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How Hollywood can make more money: Cast women of color

Uzo Aduba as Suzanne
Uzo Aduba as Suzanne "Crazy Eyes" Warren on "Orange is The New Black"

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Film and culture critic Tim Cogshell, of KPCC's Filmweek and Alt Film Guide, has joined Off-Ramp's team of commentators.

I’m now going to name almost all of the women of color in or on TV (or a TV-like platform). And that’s a big problem.

On the heels of #Oscarsowhite, the Nina Simone controversy, the whitewashing controversy, and every other diversity issue Hollywood is facing, it’s an important question: how many women of color are on TV and on platforms like Amazon and Netflix and Hulu? So here’s an almost complete list of women of color in the industry who are the boss, storyteller and/or hero who saves the day and gets the boy — or girl. 

At the top are the one-namers — Oprah and Shonda. You know Oprah. Shonda Rhimes is the creator of "Grey’s Anatomy" and "Scandal" and executive producer of "How to Get Away with Murder" and "The Catch." She’s a black woman who owns a night of network television. Steven Bochco once owned a night of network television. And I had to say both of his names.

TV executive Shonda Rhimes
TV executive Shonda Rhimes
Ms. Magazine

Then there’s Cookie on the hit series "Empire," played by the Academy Award-nominated, Emmy-nominated and Golden Globe Award-winning Taraji P. Henson.

Cookie is an archetype — not a parody — of a particular type of African-American matriarch that’s seldom, if ever, portrayed on American TV: a self-made, outspoken, rich and sexy mom who will do anything for her children. Cookie is outrageous — but J.R. Ewing was outrageous, and we loved J.R. And he was a lousy father.

Let’s get back to our list. 

There’s Regina King on HBO’s "The Leftovers," Uzo Aduba on "Orange is the New Black," and Danai Gurira, the sword-wielding lead in "The Walking Dead." Lucy Liu is the Chinese co-star of "Elementary." And then there’s Indian-American Mindy Kaling of "The Mindy Project," Gina Rodriguez of "Jane the Virgin," Cristela Alonzo on "Cristela," Eva Longoria in "Telenovela," and Kerry Washington and Viola Davis on the Shonda Shows.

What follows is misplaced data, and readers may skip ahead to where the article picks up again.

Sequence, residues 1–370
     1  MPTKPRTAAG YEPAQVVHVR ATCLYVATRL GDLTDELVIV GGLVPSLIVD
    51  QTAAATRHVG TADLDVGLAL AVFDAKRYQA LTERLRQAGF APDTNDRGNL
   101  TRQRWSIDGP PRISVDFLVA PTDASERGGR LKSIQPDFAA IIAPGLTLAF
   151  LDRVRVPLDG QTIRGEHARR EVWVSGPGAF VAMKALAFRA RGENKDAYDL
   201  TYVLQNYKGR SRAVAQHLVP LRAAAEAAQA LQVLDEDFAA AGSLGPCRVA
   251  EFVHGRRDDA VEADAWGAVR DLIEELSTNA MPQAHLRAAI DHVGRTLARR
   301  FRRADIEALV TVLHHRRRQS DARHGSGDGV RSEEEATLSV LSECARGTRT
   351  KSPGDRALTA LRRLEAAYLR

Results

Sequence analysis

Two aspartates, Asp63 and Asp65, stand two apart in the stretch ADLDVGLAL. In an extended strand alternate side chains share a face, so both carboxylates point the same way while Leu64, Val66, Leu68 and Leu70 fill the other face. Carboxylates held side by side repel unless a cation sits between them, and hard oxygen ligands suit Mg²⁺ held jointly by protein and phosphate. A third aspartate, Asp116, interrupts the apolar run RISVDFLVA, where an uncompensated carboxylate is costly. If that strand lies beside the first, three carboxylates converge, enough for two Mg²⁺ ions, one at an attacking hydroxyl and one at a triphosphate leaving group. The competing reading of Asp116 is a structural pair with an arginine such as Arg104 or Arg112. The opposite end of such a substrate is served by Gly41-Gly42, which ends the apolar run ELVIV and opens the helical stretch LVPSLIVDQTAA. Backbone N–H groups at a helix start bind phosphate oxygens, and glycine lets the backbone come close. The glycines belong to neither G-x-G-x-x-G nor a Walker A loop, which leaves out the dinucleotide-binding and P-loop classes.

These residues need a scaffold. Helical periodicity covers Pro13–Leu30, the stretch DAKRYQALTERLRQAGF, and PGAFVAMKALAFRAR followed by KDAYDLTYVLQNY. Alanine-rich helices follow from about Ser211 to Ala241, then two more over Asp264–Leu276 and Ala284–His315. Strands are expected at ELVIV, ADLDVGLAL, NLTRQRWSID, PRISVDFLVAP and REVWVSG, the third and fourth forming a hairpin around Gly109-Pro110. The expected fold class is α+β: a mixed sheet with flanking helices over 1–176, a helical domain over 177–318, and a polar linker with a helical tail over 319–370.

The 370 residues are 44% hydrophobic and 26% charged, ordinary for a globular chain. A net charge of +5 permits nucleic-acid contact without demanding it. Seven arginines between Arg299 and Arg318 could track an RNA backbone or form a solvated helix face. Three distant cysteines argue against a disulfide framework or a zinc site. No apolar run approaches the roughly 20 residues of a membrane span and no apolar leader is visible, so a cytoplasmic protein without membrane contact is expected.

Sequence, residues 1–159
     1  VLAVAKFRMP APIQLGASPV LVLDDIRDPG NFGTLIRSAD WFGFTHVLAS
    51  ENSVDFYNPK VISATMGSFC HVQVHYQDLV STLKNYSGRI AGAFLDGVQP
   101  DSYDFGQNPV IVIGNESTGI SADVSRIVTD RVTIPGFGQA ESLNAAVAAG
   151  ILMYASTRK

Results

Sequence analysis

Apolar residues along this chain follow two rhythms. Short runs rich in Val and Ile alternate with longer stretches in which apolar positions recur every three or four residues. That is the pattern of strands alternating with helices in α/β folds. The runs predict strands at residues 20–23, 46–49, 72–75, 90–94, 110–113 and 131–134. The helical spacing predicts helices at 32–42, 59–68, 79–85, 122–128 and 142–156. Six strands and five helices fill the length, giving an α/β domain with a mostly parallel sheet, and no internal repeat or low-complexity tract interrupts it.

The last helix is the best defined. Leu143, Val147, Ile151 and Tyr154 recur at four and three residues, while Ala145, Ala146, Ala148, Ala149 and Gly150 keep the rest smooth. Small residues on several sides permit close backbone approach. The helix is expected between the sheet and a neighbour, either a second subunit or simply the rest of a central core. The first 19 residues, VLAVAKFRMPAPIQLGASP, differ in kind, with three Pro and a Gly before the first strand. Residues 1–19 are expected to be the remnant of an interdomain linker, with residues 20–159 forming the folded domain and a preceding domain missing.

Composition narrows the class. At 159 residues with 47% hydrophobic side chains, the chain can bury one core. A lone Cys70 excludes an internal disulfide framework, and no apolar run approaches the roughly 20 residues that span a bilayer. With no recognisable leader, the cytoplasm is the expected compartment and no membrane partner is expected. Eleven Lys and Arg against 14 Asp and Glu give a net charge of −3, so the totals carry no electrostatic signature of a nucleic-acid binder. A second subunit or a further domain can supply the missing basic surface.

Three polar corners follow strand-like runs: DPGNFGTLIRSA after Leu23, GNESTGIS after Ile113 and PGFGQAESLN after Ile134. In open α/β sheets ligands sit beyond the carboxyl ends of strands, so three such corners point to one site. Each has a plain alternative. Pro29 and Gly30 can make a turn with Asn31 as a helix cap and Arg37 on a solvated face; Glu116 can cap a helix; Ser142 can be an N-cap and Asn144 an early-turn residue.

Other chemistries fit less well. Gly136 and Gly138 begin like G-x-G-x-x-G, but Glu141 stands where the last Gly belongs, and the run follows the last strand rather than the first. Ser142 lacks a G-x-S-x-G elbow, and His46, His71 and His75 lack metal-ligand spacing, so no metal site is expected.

These shows and characters are popular across a broad swath of American audiences, which puts the lie to the old myth in Hollywood greenlighting suites that women of color — as attractive leading ladies and authority figures — won’t be accepted by American audiences, that they need to be mammies, hookers, best friends … or non-existent.

I’ve always known this was a myth. I grew up watching Pam Grier above the title in major motion pictures, where she kicked ass just like Steve McQueen, and with more personality. In the early '70s, the late Teresa Graves became the first African-American woman to star in her own hour-long series, the cop drama "Get Christie Love."

"Get Christie Love," a 1974 made-for-television film

To me, a black woman on TV was beautiful, tough and smart. Which was a reflection of my mother, my grandmother, my great grandmother, my aunties, my big sister and ultimately my wife. All beautiful badasses not to be underestimated, like Christie Love — and Cookie.

It’s true that compared with the movies, TV is doing better. But it’s still not acceptable that I can name everybody in four minutes on the radio.

If you’re the kind of person who greenlights things in Hollywood, and you’re not investing in diversity in every possible way, you’re stupid. Because you’re not only contributing to racial and gender inequity, you’re leaving money on the table.